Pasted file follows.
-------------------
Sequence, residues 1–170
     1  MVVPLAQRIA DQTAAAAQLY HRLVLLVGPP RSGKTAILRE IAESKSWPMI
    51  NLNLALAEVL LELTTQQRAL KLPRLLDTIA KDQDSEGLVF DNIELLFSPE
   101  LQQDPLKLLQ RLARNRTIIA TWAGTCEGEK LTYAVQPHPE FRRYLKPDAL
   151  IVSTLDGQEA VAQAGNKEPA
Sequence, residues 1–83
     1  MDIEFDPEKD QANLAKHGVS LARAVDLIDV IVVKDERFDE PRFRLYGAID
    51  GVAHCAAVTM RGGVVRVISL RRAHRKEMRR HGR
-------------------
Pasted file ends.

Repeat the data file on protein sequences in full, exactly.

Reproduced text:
Sequence, residues 1–170
     1  MVVPLAQRIA DQTAAAAQLY HRLVLLVGPP RSGKTAILRE IAESKSWPMI
    51  NLNLALAEVL LELTTQQRAL KLPRLLDTIA KDQDSEGLVF DNIELLFSPE
   101  LQQDPLKLLQ RLARNRTIIA TWAGTCEGEK LTYAVQPHPE FRRYLKPDAL
   151  IVSTLDGQEA VAQAGNKEPA
Sequence, residues 1–83
     1  MDIEFDPEKD QANLAKHGVS LARAVDLIDV IVVKDERFDE PRFRLYGAID
    51  GVAHCAAVTM RGGVVRVISL RRAHRKEMRR HGR